Housing, pt5: The liquidity rushPosted: 2015-12-28 | |
Avid readers will know I’m in the process of buying a Dream Home. This event has not been pre-planned and is happening at speed. This means I’m not yet selling my previous home, but instead I am frantically liquidating my investment portfolio. This is quite a bizarre thing to do in a hurry and is taking a lot of time and energy.
The housebuying process in the UK involves two key steps: exchanging contracts (at which point a 10% deposit is paid), and subsequently completing the transaction (at which point keys are handed over, the 90% balance is paid to the seller, and property taxes are paid to the government). In my case I exchanged contracts a few days before Christmas (shown on the lighter green triangle below) and I complete the purchase at the end of January (shown as the yellow/dark green triangle).
Having managed to rustle up the 10% deposit in a few days, I now have about a month to find a further 100% of the purchase price – enough to pay the 90% balance and the ~10% property taxes (stamp duty).
After a week of doing more Sell Orders than I’ve done in the last two years combined, my bank account remains depressingly modest. While some of this is because money is in transit, it has led to me mapping out in detail what I need to find the money to complete at the end of January. My action plan has no fewer than 62 steps in it, 24 of which have happened already.
I’ve plotted below my notional target trajectory for liquidating funds.
I’m not trying to liquidate all at once for a couple of reasons; firstly because some of these accounts take a while to implement a Sell Order, and secondly because this process started just after the UK stock market had dipped below 6000 and I bet that the market would likely rebound within a few days and it would pay me to time-cost-average my sales over 30 days rather than all at once. With FTSE having rebounded to 6250, my bet is paying off so far.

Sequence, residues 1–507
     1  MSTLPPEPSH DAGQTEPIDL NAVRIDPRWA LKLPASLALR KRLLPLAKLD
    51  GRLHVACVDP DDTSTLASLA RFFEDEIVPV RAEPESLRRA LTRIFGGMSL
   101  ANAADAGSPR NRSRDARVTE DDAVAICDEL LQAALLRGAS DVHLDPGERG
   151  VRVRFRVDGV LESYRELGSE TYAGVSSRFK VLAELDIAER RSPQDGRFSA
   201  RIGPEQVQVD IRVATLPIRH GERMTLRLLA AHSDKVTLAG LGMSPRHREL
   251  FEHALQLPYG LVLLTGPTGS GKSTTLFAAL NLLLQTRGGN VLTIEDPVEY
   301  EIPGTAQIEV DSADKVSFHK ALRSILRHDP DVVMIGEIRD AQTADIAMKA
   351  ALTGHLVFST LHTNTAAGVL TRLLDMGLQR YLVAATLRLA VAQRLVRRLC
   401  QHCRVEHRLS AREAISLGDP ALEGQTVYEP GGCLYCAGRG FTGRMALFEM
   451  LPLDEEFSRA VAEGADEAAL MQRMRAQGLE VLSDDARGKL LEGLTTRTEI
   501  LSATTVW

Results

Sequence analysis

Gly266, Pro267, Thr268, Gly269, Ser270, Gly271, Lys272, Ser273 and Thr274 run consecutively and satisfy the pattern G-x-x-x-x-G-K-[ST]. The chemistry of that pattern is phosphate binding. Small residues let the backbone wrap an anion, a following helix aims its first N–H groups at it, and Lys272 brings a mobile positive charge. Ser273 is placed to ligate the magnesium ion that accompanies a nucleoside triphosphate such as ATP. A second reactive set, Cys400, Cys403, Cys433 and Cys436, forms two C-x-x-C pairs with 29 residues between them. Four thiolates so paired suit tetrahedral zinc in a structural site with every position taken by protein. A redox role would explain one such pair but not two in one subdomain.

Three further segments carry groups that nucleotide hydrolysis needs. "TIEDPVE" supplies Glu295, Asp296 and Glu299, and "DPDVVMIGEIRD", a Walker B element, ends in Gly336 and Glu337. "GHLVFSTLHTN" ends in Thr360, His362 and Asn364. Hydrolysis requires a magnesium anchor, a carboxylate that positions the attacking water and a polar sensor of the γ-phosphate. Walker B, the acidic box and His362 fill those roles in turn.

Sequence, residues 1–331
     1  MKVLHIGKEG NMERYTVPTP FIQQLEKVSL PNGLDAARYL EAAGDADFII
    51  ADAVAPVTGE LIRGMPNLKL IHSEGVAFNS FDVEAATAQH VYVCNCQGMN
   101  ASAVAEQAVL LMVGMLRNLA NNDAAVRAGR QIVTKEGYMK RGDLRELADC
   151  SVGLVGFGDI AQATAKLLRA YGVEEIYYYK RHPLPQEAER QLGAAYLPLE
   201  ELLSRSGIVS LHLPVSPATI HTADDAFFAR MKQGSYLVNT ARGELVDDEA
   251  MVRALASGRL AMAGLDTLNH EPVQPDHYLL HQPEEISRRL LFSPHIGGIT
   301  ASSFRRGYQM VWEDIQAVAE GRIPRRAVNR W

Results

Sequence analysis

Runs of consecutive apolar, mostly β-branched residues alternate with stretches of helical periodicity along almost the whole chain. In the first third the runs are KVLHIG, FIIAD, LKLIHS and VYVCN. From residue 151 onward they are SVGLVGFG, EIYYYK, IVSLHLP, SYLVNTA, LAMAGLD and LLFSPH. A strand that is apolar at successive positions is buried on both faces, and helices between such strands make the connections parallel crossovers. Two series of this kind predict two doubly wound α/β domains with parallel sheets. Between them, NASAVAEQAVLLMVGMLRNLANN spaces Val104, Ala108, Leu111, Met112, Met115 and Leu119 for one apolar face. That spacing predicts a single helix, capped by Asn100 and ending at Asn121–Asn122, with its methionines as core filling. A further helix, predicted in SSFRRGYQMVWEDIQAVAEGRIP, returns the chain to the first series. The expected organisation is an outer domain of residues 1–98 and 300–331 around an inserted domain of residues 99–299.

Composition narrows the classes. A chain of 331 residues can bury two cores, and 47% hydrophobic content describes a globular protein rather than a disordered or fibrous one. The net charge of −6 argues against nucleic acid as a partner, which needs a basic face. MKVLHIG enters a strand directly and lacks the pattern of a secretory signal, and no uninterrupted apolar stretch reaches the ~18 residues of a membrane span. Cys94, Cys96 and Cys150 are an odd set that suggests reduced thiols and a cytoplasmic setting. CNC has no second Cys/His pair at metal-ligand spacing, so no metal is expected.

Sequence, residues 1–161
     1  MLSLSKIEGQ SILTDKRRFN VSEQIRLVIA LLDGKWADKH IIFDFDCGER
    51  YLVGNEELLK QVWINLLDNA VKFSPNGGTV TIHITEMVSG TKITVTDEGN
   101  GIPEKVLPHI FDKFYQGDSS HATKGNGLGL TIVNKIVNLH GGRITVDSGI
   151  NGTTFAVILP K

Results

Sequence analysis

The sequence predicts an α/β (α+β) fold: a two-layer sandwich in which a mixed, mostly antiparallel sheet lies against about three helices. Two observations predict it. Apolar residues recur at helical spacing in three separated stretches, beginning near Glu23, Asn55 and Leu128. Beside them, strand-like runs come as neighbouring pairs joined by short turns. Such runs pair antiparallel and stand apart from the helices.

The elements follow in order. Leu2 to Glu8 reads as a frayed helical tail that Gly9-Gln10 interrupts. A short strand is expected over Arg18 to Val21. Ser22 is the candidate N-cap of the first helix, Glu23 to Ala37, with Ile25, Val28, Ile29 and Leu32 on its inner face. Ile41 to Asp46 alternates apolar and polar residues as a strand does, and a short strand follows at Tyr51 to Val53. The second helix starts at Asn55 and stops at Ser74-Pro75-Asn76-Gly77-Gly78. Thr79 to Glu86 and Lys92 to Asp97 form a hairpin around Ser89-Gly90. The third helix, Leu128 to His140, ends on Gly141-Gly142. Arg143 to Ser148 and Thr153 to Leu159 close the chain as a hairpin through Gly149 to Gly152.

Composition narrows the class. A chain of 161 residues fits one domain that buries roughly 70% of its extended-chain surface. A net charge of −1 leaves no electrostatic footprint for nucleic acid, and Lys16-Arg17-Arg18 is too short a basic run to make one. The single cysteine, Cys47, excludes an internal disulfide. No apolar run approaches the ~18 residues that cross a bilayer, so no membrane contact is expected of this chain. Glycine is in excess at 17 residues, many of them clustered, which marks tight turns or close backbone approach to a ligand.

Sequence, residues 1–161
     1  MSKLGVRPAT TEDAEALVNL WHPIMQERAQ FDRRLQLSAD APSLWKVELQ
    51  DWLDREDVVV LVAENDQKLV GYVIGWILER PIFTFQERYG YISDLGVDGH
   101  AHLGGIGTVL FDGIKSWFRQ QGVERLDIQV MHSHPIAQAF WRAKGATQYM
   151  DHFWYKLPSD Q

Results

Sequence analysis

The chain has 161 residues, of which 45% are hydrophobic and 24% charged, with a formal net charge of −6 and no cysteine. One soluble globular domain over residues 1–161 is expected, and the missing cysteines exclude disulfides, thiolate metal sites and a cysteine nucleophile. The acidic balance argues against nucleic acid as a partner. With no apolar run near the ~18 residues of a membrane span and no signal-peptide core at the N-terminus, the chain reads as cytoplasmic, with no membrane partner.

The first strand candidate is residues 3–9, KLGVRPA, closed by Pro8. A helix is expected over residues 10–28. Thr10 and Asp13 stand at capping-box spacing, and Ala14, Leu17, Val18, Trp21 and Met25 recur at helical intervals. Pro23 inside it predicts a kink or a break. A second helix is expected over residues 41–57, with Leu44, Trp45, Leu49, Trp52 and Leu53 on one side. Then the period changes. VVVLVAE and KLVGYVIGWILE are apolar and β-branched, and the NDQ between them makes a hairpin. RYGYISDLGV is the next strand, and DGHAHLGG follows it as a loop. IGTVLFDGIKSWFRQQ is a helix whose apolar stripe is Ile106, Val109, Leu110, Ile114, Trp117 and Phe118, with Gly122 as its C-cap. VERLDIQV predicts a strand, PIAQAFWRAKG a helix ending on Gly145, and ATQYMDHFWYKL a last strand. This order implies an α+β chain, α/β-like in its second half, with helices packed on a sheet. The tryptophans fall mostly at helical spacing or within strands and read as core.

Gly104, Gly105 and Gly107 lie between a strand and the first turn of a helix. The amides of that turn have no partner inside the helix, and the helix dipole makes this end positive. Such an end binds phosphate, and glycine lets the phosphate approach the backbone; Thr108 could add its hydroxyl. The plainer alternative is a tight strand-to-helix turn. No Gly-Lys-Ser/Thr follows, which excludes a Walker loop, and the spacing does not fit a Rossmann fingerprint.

So far I have liquidated about 25% of the total I need to find. I have also instructed sale of another 10%. Liquidating just 35% isn’t quite as pedestrian as it sounds, because I plan to use a margin loan for a further 35% of the total (represented by the jump in the last week of January in the graph above). This means I have liquidated about half of the net amount I need to sell.
However, I have even more work than is shown above, because as well as raising funds I am also transferring funds into brokerage accounts that will offer me margin loans. In total I am doing this with funds worth about 15% of the Dream Home.
Transferring funds by selling them is quite a complicated dance thanks to capital gains taxes. At the moment I think I have managed to liquidate assets in a way which leaves me with almost no capital gains liability. What I need to watch out for is that, for the assets I am selling to transfer rather than selling for cash, I can’t re-buy these assets for 30 days without screwing up my capital gains tax position. I run the risk that the market moves against me in this time; I figure I’m running enough risks in this process that I will have to swallow this one.
Finally, I think I have an answer to the question I posed a couple of weeks ago about the risk of losing cash if a bank fails. The UK’s deposit protection limit is just about to drop to £75k per institution, which doesn’t touch the sides on a multimillion pound transaction. However, there is also protection of up to £1m (I think, maybe actually €1m (£740k)) for temporary large balances – specifically including house purchase sums. While I haven’t checked the fine print, I believe that if my funds are assembled across three or four accounts I should have reasonable grounds to feel protected. Treating my lawyer’s client account as one, my current account as another, my joint account as another, and my private bank as another means I have four accounts with completely separate institutions. I’m now feeling fine about this risk.